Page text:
Zines—pronounced “zeens”—are do-it-yourself publications that are usually photocopied in small batches. Some are newsletters or fanzines devoted exclusively to one topic, but most are eclectic mixes of personal stories, comics, interviews with favorite bands, fiction, collage art—anything at all.
Zines of the past were mostly noncommercial, and zinemakers' primary motivation was not about making back their money spent on photocopies and postage; it was about creating something unique. Many creators sent their publications to review magazines such as Factsheet Five, or swapped with other zines, to spread the word; others just gave them to friends without seeking any greater circulation.
With a long-arm stapler, a passion to create, and an all-night Kinko's, a zinemaker was all ready for another issue. The collection on display represents a fraction of the thousands of publications sent to Factsheet Five and offers a small window into the zine world of that era.
Zines from Michigan in the ’80s and ’90s included a wide variety of talented artists, writers, and activists, many of whom are still publishing today. While the bulk of zines came from the greater Detroit area and Ann Arbor, the democratizing effects of a photocopier made it just as easy to self-publish in towns like Comstock, Port Huron, and Muskegon.
Zines created outside the US often looked markedly different. While Canadian zines benefited from the same easy access to photocopiers that the US enjoyed, many zines from Europe like Helter Skelter, Tofu666, Happenstance, and Larsen opted for a more polished look with larger print runs. European zines also tended to be more narrowly focused on comics, politics, or music without the grab-bag table of contents so common to other publications.
Self-published comics of the era displayed imaginative storytelling and a rich variety of art styles. From the rascally long-nosed hero of Probosco to the illustrated dreams of Concave Up tothe retro-futuristic history of an imagined land in Whirligig, independent comics could be as different from each other as any text-based zines.
While most zines don’t last more than a handful of issues, the autobiographical King-Cat Comics, started in 1989, is still going strong.
From its inception in 1982, the magazine Factsheet Five was a central resource to connect with people in the zine world. By the time R. Seth Friedman became the editor, it included well over 1000 reviews with contact information in each issue. But it wasn’t the only source for zine information. Broken Pencil, Amusing Yourself to Death, Zine World, Zine Guide, Maximum Rocknroll, and most every other zine had addresses and reviews to connect with more creators.
APAs (amateur press associations) were a special form of zines that were more insular.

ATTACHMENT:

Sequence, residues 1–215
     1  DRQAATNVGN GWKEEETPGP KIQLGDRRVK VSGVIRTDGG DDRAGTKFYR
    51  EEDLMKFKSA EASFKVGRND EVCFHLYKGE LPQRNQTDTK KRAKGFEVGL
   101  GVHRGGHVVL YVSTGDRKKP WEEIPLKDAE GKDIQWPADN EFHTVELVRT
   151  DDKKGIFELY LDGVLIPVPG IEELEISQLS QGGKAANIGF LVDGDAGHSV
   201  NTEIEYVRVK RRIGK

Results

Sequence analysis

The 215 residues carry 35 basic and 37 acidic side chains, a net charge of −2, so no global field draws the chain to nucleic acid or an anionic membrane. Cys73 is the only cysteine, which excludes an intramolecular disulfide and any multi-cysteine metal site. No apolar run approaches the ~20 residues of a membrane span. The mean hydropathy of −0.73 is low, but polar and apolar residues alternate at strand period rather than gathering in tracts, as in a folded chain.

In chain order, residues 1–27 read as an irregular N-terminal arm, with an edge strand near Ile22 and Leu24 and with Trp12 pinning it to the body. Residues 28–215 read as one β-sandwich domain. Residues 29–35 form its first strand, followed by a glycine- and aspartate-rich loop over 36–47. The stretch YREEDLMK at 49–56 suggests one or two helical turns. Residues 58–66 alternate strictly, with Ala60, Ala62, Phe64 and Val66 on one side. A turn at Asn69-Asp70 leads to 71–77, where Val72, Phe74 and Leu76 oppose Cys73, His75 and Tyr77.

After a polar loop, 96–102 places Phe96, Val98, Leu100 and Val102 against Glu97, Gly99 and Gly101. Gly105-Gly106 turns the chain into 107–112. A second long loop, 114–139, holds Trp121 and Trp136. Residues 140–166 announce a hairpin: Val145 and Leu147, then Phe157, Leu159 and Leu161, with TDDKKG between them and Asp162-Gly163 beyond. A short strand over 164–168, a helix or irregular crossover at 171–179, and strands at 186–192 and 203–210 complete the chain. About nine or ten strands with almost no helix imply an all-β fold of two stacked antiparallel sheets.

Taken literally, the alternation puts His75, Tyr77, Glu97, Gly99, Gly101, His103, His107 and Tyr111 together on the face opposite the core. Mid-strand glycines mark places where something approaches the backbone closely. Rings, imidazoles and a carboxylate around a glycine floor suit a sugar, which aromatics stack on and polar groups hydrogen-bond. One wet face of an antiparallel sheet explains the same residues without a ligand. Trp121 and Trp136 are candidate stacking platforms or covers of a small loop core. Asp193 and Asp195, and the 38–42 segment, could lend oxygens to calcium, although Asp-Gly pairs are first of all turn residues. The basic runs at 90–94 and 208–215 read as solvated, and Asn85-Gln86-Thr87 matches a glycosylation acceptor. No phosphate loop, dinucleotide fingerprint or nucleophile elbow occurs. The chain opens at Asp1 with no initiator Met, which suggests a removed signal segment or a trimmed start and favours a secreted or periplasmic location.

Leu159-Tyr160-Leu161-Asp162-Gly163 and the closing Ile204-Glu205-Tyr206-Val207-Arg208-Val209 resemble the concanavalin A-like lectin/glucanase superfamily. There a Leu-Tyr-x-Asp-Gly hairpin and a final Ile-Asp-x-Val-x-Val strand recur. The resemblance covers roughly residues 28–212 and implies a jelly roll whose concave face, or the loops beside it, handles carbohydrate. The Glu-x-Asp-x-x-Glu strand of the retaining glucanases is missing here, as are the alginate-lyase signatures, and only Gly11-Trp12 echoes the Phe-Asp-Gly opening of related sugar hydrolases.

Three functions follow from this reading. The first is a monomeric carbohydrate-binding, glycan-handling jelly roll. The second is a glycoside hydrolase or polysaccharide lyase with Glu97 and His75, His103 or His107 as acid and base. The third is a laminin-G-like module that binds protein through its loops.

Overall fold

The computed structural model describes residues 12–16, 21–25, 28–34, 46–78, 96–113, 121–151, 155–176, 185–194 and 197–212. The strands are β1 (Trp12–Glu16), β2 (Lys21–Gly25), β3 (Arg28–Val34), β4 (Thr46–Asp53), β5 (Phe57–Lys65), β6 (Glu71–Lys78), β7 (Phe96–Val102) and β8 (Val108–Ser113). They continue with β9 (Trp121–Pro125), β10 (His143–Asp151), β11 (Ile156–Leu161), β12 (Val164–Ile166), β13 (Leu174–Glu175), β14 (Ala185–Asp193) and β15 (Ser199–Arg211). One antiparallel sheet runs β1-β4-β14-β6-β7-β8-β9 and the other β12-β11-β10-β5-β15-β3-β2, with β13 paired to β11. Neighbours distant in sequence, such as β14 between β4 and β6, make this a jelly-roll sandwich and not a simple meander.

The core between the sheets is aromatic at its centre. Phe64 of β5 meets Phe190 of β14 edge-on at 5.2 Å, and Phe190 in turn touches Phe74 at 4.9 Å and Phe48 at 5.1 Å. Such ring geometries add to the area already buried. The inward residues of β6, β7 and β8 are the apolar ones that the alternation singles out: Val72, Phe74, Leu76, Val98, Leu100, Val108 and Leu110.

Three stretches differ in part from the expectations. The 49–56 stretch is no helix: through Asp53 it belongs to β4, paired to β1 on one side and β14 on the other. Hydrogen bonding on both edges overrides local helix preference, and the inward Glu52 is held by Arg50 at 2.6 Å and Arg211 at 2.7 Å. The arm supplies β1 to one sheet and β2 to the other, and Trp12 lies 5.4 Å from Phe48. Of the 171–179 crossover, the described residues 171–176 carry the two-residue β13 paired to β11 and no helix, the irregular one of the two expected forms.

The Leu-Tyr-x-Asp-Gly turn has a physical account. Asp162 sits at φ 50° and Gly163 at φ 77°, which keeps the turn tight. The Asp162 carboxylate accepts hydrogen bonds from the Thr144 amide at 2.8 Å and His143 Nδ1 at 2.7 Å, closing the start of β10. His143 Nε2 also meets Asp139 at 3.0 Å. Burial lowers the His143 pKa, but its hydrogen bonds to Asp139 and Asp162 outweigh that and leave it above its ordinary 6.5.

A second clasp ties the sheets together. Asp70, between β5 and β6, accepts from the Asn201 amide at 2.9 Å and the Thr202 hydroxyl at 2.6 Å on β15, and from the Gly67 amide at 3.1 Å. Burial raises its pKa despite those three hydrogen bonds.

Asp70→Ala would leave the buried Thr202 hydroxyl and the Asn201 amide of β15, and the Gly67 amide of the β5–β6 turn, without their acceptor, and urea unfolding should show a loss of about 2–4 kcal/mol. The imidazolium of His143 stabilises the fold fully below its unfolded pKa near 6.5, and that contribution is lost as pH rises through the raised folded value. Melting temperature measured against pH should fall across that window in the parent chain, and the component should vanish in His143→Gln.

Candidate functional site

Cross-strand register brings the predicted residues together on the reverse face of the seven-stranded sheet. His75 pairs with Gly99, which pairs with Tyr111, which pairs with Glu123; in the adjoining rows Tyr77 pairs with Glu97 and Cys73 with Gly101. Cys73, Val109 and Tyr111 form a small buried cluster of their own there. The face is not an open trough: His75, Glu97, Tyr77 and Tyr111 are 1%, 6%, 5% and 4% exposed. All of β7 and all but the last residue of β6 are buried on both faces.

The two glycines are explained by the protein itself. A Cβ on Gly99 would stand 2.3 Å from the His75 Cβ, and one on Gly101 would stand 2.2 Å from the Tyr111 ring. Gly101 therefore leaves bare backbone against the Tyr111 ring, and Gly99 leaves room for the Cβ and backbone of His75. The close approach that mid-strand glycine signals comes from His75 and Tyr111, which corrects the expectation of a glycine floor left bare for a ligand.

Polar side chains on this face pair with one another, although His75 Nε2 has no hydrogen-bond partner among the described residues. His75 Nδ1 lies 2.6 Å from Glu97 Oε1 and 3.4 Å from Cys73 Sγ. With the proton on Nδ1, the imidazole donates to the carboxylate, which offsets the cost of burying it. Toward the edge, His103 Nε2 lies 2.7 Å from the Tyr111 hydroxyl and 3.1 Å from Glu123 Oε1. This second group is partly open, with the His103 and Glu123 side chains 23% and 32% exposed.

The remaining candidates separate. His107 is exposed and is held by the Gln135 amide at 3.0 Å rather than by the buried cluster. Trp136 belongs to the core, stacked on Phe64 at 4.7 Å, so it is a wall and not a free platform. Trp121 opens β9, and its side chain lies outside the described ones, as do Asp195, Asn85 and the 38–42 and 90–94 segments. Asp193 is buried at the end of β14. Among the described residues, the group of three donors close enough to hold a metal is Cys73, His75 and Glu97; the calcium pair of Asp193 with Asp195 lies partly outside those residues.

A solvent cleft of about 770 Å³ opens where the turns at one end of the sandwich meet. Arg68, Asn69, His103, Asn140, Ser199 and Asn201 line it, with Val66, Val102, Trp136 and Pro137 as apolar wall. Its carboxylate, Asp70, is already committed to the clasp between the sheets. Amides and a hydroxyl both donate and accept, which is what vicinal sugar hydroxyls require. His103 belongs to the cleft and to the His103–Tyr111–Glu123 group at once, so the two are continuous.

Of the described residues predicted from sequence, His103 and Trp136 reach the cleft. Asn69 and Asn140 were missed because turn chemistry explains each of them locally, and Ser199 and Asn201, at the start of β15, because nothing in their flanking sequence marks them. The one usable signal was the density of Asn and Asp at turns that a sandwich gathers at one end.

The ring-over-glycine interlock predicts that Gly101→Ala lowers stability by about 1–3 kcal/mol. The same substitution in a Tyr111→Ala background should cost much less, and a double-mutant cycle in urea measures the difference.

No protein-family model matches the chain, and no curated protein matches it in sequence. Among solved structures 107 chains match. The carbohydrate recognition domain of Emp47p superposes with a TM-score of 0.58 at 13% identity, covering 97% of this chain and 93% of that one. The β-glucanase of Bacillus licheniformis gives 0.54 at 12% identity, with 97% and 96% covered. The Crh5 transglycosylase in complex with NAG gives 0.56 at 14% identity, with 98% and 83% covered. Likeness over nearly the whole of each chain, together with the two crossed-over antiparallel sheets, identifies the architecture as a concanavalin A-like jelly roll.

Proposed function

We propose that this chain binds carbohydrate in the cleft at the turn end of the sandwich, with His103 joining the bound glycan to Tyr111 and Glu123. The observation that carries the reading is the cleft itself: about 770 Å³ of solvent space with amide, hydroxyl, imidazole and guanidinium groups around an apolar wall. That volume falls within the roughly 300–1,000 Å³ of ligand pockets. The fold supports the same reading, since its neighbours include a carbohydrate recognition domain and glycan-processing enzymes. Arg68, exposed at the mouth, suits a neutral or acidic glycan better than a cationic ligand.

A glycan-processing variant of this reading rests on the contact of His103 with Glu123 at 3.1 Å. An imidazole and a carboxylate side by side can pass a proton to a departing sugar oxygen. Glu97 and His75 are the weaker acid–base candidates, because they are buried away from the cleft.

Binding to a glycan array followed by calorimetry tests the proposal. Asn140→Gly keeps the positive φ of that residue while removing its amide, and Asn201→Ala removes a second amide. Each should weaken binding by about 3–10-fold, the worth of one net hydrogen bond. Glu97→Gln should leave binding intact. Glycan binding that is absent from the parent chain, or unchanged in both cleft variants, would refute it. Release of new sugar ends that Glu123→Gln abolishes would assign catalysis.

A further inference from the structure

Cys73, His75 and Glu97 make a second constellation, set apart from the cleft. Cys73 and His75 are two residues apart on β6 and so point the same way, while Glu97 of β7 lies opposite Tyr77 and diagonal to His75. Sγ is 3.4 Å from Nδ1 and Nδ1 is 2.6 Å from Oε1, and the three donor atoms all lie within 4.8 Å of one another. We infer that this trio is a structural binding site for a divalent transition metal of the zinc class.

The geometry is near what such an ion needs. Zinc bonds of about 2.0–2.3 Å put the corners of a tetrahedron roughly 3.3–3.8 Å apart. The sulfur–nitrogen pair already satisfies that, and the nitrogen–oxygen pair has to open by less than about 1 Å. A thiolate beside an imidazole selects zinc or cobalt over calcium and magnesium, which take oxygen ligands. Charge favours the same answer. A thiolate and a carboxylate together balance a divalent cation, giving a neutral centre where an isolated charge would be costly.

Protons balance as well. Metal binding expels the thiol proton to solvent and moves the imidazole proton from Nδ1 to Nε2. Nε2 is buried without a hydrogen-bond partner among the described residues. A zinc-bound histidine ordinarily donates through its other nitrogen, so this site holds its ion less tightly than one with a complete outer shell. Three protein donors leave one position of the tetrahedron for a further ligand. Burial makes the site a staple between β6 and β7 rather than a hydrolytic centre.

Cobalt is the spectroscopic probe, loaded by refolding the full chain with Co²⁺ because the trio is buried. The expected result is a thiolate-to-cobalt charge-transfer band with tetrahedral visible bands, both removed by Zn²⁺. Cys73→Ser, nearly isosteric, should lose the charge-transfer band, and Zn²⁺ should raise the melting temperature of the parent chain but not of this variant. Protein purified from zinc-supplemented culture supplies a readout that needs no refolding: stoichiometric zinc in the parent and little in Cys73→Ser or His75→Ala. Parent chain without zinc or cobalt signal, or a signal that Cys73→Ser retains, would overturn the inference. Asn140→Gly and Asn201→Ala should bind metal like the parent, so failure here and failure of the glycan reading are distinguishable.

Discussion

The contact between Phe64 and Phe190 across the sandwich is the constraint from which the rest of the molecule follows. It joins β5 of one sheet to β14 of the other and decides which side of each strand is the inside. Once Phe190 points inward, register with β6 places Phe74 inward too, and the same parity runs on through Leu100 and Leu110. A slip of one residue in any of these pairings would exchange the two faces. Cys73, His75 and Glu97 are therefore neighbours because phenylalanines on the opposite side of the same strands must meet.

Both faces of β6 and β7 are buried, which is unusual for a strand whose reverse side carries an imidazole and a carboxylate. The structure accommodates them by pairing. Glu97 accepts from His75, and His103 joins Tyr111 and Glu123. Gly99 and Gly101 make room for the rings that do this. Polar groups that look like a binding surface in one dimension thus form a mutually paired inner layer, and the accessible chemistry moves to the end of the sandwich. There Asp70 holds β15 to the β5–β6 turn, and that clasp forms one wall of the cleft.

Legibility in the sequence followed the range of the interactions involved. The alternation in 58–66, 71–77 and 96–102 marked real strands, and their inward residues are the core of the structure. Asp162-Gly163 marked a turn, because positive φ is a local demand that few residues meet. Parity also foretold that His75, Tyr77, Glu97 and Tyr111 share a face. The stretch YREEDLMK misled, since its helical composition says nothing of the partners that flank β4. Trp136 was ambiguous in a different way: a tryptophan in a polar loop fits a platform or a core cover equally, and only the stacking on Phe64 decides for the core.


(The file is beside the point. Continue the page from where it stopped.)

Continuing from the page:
They had regular contributors who provided new material and also commented heavily on each other’s writing. APAs were particularly common in gaming, sci-fi, and fantasy fandom, including the long-running APA-Filk devoted to fantasy and sci-fi folk music. Each contributor sent their pages to a central mailer who collated the issues and sent them out to each writer.
ART & DESIGN
With almost all zines being exchanged by post, the mail art movement was a natural extension for many zine creators. Many decorated their envelopes with collage art and rubber-stamped images. Properly, mail art was more than just decoration, though, and involved art sent through the mail.
Ashley Parker Owens’s Global Mail was a crucial resource to learn about mail art shows and projects open to anyone around the world. Zines were far from just photocopied print on paper with staples in the middle. They arrived with plexiglass covers, yarn bindings, foldout pages like an unraveling knot of spaghetti, beautiful photocopy manipulations, letterpress printing, 3D inserts, almost any way to communicate using marks on paper or some other medium.
A History of Zines
Local writer Mark Maynard has spent years documenting the history of zines on his website MarkMaynard.com. His Untold History of Zines is "An attempt to better document the American underground press, or at least the sharp tiny sliver of it that corkscrewed its way into my heart bone 25 years or so ago..."
Maynard interviewed more than a dozen zine publishers, from Pathetic Life's Doug Holland to Giant Robot's Eric Nakamura. These interviews contain content that is not suitable for all ages.
Factsheets, Funny Folks & Freaks: an Essay
Exhibit curator and AADL library technician Christopher Becker published an essay on Pulp, AADL's arts and culture blog, about his days in the '80s and '90s zine scene and the current exhibit at the Downtown Library.
More About Zines with Christopher Becker